DAYTON, Ohio (WDTN) – Several teenagers are behind bars after a week of violence in the Miami Valley. The teens are now waiting on a judge to decide whether they’ll be tried as juvenile or adults.
Parents of the teens are urging the judge to be lenient and try them as juveniles, but prosecutors are pressuring the judge to do the opposite and have their cases moved to adult court, where if convicted they could spend decades in prison.
Terrifying moments were caught on surveillance camera this week showing store clerks being held at gunpoint allegedly by teenagers.
The suspects seen robbing a Huber Heights AT&T store Thursday are now behind bars after leading police on a high-speed chase that ended in a crash. They range in age from 15 to 18 and could soon spend decades behind bars much to the shock of their parents.
So could a 17-year-old suspect, caught on surveillance video robbing 2 Miamisburg gas station clerks at gunpoint Monday before being shot by police after the off-duty officer says the teen pointed a gun at him.
“These people,” University of Dayton law professor Tom Hagel said. “Are incredibly dangerous.”
Tom Hagel is a law professor at the University of Dayton and has had experience dealing with teens when he worked as a public defender.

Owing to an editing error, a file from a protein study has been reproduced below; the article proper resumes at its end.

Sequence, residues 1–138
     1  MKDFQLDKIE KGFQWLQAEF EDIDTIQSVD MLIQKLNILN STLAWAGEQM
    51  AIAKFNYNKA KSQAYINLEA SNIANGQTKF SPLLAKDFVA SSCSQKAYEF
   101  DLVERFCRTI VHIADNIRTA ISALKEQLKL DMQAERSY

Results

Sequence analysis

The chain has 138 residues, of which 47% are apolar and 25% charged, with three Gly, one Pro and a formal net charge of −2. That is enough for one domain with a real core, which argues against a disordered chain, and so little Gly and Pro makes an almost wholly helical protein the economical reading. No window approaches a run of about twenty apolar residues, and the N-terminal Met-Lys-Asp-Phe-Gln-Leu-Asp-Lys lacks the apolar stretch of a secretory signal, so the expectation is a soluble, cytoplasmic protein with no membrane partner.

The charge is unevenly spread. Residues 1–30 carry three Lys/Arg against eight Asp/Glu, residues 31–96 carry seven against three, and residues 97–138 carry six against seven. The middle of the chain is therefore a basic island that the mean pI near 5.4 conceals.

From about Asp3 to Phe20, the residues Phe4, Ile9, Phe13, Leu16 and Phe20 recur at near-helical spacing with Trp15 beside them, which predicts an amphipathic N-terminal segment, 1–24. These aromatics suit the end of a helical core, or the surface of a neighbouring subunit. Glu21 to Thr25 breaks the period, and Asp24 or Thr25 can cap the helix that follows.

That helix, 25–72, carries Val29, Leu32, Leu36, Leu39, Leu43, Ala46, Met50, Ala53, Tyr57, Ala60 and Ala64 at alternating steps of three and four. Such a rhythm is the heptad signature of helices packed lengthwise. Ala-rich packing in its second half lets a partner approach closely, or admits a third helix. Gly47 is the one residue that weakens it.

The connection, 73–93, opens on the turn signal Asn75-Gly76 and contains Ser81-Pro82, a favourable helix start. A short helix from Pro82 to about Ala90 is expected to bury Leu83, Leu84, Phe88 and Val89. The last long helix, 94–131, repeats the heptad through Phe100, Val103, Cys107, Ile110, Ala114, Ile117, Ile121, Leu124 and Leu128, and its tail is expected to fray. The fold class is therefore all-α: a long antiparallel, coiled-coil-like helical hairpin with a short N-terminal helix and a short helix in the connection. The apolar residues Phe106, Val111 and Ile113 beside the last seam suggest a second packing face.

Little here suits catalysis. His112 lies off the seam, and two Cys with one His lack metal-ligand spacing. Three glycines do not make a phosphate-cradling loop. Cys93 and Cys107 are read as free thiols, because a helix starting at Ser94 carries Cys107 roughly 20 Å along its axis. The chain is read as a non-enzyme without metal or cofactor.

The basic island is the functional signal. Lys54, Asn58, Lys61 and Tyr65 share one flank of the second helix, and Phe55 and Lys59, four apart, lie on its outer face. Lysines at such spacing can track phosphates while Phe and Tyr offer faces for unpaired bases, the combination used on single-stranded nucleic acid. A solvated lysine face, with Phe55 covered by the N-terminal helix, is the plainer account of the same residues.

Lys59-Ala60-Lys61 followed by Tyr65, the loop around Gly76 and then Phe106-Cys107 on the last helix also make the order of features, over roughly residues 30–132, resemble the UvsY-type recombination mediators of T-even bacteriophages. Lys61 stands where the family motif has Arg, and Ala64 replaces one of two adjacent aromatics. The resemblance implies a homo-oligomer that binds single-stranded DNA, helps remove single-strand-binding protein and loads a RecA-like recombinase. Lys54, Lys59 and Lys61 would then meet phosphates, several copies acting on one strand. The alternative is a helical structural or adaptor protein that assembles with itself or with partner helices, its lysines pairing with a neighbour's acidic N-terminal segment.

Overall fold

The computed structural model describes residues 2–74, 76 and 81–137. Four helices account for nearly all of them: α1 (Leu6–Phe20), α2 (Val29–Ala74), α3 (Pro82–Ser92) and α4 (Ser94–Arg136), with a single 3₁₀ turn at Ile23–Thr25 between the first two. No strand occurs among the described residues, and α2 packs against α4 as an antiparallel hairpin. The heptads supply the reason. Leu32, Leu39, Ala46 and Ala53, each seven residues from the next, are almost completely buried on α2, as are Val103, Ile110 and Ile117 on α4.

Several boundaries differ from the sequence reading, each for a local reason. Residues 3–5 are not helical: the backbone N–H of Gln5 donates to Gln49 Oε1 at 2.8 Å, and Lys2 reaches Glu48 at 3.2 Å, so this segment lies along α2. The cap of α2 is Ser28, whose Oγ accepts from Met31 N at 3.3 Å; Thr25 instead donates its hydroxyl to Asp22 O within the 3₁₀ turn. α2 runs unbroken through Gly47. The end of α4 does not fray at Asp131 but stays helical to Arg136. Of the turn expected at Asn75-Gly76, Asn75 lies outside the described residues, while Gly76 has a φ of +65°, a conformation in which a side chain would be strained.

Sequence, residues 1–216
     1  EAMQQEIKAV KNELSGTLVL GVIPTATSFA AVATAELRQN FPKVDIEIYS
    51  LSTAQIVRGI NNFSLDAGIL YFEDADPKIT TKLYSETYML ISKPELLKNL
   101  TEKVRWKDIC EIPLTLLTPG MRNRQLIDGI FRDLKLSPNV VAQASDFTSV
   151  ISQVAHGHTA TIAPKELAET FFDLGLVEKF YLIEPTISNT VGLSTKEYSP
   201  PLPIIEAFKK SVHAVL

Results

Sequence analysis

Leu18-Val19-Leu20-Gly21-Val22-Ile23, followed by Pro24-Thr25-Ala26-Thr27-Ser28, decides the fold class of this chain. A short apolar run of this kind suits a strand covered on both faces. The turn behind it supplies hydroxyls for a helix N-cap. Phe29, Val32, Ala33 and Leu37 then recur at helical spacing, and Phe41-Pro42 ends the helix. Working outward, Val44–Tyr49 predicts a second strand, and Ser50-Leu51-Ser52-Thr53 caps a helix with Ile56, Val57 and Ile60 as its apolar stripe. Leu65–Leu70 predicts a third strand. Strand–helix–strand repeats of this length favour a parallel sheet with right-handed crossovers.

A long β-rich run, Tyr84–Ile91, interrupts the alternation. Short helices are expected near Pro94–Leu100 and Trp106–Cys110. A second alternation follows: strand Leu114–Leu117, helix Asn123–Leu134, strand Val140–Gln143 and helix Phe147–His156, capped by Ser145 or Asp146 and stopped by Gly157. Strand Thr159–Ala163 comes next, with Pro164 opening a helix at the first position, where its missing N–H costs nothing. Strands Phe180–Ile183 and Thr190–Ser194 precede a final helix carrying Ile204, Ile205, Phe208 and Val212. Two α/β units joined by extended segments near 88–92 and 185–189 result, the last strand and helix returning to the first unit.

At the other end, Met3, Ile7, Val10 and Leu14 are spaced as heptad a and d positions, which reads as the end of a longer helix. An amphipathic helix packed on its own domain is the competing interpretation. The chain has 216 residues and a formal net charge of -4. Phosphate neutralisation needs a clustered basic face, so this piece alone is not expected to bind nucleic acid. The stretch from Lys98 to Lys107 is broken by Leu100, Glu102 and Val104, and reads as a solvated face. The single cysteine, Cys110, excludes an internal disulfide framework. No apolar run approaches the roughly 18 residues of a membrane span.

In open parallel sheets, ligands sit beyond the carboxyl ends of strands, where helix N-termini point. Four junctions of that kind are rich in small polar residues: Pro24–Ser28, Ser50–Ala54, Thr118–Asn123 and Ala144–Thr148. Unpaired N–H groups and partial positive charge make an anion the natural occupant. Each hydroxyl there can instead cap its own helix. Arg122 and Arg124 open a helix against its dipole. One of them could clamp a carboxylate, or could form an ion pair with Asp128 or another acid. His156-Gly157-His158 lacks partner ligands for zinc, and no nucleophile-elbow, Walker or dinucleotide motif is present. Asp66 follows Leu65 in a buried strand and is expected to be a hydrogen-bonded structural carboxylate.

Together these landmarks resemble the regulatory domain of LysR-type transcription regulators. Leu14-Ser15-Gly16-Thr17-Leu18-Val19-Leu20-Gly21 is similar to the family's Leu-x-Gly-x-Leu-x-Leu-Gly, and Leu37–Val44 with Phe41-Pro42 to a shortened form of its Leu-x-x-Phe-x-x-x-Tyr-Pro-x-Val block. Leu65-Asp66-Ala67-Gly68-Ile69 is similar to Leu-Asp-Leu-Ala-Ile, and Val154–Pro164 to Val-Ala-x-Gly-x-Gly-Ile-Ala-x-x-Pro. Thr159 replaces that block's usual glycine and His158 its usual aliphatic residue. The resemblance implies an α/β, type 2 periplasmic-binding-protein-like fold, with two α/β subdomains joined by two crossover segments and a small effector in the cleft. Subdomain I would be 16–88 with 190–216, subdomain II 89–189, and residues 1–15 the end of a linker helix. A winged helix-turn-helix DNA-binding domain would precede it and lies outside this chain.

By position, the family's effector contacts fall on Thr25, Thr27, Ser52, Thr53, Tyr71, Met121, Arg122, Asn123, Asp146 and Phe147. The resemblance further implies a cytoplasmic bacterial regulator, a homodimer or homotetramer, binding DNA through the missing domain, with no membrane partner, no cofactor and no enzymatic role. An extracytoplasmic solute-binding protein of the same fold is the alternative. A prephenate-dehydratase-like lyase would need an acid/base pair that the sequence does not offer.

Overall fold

“They have a tendency not to have an appreciation for the consequences of their conduct,” Hagel said.
Tuesday, the 17-year-old appeared before Judge Anthony Capizzi, who will soon decide whether to try the teen as a juvenile or have his case transferred to adult court.
“The charge itself is so serious and so potentiality heinous,” Judge Capizzi said. “The people in that gas station could have been killed.”
“If the judge says ‘well realistically we’ve tried probation,” Hagel said. “We’ve tried all these programs and nothing has worked’ well then the conclusion might easily come to ‘well we got to treat them as adults.'”
The judge will decide how to try the teens based on the severity of their crimes and their juvenile record. Judge Capizzi says the 17-year-old has a clean record, but Hagel says he won’t be surprised if the teens are tried as adults.
“If they did this,” Hagel said. “Then they’re guilty of some very serious criminal offenses.”
If the teens are tried as juveniles, the harshest punishment they could receive is an order by a judge to remain in juvenile detention until 21. When they’re released, their juvenile record would remain sealed. It’s a stark contrast from the decades in prison they could face if tried as adults.